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Gurvey et al v. US Bankruptcy Court - Columbus Doc.

Case 2:07-cv-01101-GLF-MRA Document 3 Filed 10/26/2007 Page 1 of 5




Petitioners, CASE NO. 2:07 CV 1101



S.D. OHIO, et al.,



This matter is before the Court on the Petition for Writ of Mandamus and Expedited

Interim Stay (“Petition”) filed by H. Scott and Amy R. Gurvey (“Gurveys”) against the United

States Bankruptcy Court, Southern District of Ohio and United States Bankruptcy Judge Charles

M. Caldwell. The Gurveys filed the Petition on October 23, 2007, praying for expedited relief.

For the reasons that follow, Petitioners Motion is DENIED.


This action involves In re Fixzit National Install Servs., Inc., Case Number 02-59858,

(“Bankruptcy Case”) which is pending in the United States Bankruptcy Court for the Southern

District of Ohio before the Honorable Charles M. Caldwell. The Gurveys allege that they

retained Fixzit National Installation Services, Inc., (“Fixzit”) “to design and install a complete

two-zone air conditional and filtering system in their newly-bought NJ resident home.” (Doc. #

1 at ¶ 1.) Further, they claim that Fixzit filed for Chapter 11 bankruptcy and that it purposely

failed to list the Gurveys as a creditor in its disclosures to the bankruptcy court.
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The Gurveys complain that Fixzit “initiated proceedings to reopen its 2002 voluntary

Chapter 11 proceeding in July 2006 in a frivolous effort to block [the Gurvey’s] civil lawsuit

filed in April, 2006 in the United States District Court for the District of New Jersey . . . .” Id.

The Gurveys allege that Fixzit has engaged in numerous discovery abuses in the Bankruptcy

Case. Id. ¶¶ 2, 3, 6-9. Also, Fixzit’s President, Steve Levi, has failed to participate in much of

the proceedings because of his alleged medical problems. Id. The Gurveys assert that they were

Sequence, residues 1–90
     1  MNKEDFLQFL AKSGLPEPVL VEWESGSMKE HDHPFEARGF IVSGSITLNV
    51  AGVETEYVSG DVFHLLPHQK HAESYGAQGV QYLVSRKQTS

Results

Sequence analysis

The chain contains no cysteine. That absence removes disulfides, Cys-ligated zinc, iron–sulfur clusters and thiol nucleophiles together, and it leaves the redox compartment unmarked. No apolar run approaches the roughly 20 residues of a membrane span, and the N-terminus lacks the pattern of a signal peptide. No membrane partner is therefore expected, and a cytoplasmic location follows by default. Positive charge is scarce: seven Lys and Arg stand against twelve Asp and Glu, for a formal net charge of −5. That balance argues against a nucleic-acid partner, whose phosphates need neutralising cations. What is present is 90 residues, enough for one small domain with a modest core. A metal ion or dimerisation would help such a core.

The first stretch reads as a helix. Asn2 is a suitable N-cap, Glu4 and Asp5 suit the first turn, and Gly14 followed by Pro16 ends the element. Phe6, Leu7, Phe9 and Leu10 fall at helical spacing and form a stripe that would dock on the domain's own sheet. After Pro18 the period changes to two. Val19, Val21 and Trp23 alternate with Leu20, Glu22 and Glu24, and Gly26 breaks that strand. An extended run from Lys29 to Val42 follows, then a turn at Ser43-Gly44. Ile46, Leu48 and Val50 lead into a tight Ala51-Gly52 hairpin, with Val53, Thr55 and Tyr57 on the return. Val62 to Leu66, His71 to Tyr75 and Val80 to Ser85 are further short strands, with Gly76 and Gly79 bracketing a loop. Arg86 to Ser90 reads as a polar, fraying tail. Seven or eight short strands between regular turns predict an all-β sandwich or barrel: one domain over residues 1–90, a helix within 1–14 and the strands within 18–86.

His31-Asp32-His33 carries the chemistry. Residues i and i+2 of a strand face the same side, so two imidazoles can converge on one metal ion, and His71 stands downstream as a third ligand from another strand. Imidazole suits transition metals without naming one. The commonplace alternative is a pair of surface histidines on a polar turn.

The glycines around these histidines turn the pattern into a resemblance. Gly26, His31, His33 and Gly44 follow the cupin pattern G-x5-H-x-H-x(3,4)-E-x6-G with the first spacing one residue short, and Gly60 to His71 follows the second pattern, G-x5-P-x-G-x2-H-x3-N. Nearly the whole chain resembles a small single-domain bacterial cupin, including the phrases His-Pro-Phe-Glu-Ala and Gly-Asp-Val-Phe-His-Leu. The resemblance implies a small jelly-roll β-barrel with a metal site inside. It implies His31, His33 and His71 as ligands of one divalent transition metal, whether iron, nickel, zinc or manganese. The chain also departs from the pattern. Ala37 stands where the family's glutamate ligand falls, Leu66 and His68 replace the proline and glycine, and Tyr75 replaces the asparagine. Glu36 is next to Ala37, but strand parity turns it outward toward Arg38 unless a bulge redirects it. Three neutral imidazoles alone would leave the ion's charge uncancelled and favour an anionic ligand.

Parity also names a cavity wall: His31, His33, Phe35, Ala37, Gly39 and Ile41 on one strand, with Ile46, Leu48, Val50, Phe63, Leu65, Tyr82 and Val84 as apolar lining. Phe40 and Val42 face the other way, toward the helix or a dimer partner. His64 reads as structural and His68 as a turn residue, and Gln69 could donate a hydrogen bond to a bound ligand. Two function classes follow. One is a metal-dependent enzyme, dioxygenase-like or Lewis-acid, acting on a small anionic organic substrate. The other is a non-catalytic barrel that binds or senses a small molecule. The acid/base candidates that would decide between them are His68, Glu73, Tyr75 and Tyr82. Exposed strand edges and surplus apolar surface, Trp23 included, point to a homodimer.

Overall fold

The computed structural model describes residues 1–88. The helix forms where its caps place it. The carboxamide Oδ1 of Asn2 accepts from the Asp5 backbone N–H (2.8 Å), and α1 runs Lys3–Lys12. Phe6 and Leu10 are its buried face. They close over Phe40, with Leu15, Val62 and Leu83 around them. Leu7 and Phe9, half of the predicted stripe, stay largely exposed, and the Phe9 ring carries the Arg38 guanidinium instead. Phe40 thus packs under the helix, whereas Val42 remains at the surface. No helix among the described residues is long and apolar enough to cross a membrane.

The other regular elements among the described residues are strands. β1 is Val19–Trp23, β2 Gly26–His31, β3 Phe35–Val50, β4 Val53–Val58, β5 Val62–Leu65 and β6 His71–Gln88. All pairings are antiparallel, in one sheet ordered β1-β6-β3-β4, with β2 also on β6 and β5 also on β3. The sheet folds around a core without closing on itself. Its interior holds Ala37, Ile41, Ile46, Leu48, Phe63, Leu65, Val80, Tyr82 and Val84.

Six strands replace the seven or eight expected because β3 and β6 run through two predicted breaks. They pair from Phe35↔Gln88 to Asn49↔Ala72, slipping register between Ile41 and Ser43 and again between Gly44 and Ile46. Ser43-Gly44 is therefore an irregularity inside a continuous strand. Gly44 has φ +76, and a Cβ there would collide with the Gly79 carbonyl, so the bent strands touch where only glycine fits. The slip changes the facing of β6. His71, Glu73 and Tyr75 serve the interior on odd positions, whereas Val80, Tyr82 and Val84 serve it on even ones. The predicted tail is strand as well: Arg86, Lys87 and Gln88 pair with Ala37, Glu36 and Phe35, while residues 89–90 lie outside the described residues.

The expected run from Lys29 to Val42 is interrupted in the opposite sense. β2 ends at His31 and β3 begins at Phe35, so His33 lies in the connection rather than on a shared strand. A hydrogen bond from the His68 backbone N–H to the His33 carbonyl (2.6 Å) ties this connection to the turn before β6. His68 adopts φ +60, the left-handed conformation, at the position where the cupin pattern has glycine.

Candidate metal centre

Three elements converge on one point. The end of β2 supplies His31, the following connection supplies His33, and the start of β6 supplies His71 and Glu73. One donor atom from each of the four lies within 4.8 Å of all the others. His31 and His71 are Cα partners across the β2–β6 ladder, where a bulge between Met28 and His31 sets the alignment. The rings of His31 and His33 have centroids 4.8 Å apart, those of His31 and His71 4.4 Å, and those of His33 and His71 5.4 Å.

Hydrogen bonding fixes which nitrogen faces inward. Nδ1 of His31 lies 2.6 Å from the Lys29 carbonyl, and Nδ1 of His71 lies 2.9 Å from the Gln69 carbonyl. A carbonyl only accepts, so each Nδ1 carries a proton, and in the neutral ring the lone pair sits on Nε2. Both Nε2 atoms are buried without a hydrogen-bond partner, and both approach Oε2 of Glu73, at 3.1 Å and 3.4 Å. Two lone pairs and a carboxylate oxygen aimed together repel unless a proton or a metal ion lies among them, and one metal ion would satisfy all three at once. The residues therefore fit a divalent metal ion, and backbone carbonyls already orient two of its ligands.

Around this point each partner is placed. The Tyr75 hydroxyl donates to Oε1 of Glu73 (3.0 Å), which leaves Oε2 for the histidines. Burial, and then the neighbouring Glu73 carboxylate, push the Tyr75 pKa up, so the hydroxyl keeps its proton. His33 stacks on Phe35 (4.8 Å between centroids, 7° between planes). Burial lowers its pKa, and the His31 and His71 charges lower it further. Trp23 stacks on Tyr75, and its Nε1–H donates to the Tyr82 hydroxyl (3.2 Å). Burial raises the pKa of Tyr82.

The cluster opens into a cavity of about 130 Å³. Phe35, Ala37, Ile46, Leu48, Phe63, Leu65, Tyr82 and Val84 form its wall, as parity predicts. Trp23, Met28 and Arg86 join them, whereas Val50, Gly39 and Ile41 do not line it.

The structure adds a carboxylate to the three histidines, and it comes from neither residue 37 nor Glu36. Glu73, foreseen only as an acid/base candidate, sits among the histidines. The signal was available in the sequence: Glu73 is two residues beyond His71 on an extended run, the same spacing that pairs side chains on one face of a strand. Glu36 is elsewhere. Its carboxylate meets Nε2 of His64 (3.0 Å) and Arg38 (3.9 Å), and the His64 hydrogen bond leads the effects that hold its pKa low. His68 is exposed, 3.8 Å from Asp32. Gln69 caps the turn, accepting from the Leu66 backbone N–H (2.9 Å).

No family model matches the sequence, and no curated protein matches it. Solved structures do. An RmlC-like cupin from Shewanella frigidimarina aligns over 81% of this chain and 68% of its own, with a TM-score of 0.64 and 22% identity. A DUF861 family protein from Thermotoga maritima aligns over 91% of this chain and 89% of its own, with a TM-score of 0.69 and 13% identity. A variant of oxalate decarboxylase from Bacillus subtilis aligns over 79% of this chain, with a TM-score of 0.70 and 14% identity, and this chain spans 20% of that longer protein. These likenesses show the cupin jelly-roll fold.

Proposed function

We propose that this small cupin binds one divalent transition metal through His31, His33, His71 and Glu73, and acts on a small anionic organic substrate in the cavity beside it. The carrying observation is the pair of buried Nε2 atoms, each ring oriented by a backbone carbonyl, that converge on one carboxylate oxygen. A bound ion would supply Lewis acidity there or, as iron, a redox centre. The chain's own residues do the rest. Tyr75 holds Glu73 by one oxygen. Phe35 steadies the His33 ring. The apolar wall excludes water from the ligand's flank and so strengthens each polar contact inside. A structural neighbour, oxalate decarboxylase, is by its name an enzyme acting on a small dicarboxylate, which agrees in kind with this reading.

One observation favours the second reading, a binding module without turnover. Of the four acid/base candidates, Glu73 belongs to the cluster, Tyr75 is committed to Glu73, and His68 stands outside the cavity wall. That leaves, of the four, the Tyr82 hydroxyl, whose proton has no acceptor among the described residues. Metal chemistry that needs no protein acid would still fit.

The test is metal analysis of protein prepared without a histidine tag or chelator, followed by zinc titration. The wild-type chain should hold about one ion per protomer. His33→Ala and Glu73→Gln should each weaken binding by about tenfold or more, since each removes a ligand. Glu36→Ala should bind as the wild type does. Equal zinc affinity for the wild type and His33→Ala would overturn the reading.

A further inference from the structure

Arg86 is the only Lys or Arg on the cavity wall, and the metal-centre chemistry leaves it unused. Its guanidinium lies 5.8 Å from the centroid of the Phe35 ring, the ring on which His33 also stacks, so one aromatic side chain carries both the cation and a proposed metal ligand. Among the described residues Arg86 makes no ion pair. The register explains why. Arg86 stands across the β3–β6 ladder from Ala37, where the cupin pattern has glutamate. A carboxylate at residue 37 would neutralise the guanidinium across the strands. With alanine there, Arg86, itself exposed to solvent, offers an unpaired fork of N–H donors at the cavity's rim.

tolerant of Mr. Levi’s medical problems and that Judge Caldwell was as well, granting Levi

reasonable accommodations. Id. ¶ 10.

The Gurveys claim that Ms. Gurvey is permanently disabled with several medical

conditions, including cancer, and that Judge Caldwell has refused to grant her reasonable

accommodations. Id. ¶¶ 11-18. Further, they allege that Judge Caldwell has abused his

discretion in the Bankruptcy Case by failing to rule on the Gurvey’s motions, failing to grant the

Gurveys certain rights to file documents, failing to compel discovery and by reopening Fixzit’s

Chapter 11 action. Id. ¶¶ 12-37. The Gurveys claim that the most egregious example of Judge

Caldwell’s abuse of discretion is his order requiring Ms. Gurvey to appear before him on

October 30, 2007. Id. ¶ 15.

On October 23, 2007, the Gurveys filed their Petition requesting that this Court

expeditiously issue:

1. a stay of the October 30, 2007 hearing that is scheduled in the Bankruptcy Case;

2. a Vacatur of Judge Caldwell’s order requiring Ms. Gurvey to appear in his Court on

October 30, 2007 and an order reversing the order denying telephonic hearings;

3. Either:

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a. an order to compel Judge Caldwell to rule on the Gurvey’s pending motions

prior to any evidentiary hearing on the July 2007 motions for summary judgment and a

continuance of the October 30, 2007 hearing, or

b. a determination that Judge Caldwell abused his discretion by reopening the

Bankruptcy Case, by not affording the Gurveys an opportunity to file a non-dischargeability

complaint at the time they filed for reconsideration in response to the motion to reopen, a

determination that the Gurvey’s claims are not dischargeable in Chapter 11 proceedings as a

matter of law, and an order lifting the automatic stay allowing the Gurveys to proceed with their

lawsuit filed in federal court in New Jersey, or

c. an order disqualifying Judge Caldwell from presiding over the Bankruptcy

Case and for that case to be transferred to another court or to the district court where the civil